Salient to Investors:

Matthew C. Klein writes:

The Wall Street Journal reports that well-to-do young Americans prefer to invest into “safe” luxury real estate rather than “risky” equities.  The article could have been written in 2002 or 2003 before the housing bubble and bust.

$100 invested at the market peak in October 2007, reinvesting all dividends, would now be worth $123, while the Case-Shiller index of US home prices is still more than 25 percent below the peak reached in mid-2006.

Individual luxury properties might have done a lot better than the aggregate stock market, of course. They might also have done much worse. And past performance is no guarantee of future results. If anything, the reverse is true. In general, it isn’t smart to put all of your savings into a single product, whether it’s your home, or gold bullion, or the stock of an individual company.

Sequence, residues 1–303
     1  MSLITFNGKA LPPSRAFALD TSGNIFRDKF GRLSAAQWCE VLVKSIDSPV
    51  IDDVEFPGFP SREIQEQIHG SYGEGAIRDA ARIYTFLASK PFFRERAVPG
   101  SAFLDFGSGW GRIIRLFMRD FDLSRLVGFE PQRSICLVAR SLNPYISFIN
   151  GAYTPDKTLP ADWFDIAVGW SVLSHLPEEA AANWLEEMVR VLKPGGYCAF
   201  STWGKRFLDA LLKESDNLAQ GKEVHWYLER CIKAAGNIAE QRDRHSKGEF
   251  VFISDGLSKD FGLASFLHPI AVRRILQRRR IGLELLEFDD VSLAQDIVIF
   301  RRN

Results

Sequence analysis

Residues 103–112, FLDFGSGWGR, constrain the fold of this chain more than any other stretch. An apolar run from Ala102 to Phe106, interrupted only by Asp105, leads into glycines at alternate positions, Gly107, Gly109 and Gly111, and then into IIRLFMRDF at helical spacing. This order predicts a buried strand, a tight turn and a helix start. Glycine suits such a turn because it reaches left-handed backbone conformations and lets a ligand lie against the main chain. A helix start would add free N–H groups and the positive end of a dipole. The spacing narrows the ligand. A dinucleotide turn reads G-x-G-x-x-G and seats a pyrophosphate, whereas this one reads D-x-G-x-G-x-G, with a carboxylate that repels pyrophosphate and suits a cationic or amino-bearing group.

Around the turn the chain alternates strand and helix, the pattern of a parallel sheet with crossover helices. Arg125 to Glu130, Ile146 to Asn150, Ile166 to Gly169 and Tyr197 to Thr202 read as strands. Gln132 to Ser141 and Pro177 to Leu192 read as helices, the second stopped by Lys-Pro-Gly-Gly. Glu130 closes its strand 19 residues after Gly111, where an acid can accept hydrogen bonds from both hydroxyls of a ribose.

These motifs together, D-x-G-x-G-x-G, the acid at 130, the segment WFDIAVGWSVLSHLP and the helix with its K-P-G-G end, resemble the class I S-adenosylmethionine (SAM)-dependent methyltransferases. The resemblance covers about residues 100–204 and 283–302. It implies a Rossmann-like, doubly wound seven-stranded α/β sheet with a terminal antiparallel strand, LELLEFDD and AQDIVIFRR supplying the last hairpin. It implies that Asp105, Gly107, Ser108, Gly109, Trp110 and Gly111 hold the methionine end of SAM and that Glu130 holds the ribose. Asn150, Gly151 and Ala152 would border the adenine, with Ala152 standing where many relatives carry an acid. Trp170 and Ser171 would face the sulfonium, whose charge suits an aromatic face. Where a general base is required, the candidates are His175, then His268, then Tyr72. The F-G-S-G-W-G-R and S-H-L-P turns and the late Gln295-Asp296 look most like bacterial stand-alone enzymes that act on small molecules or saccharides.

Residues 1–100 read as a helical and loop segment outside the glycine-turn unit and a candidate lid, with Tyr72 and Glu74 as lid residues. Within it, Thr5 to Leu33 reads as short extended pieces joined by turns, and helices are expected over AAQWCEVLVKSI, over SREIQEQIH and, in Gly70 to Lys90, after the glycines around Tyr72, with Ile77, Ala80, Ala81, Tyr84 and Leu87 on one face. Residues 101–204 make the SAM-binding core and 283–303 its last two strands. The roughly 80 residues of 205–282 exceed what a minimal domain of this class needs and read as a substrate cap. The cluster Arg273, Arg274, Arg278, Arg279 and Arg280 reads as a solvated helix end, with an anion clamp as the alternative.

The benefits from diversifying in a range of assets that rise over time but don’t move together over shorter periods are so well-known that they were discussed thousands of years ago by Talmudic rabbis.

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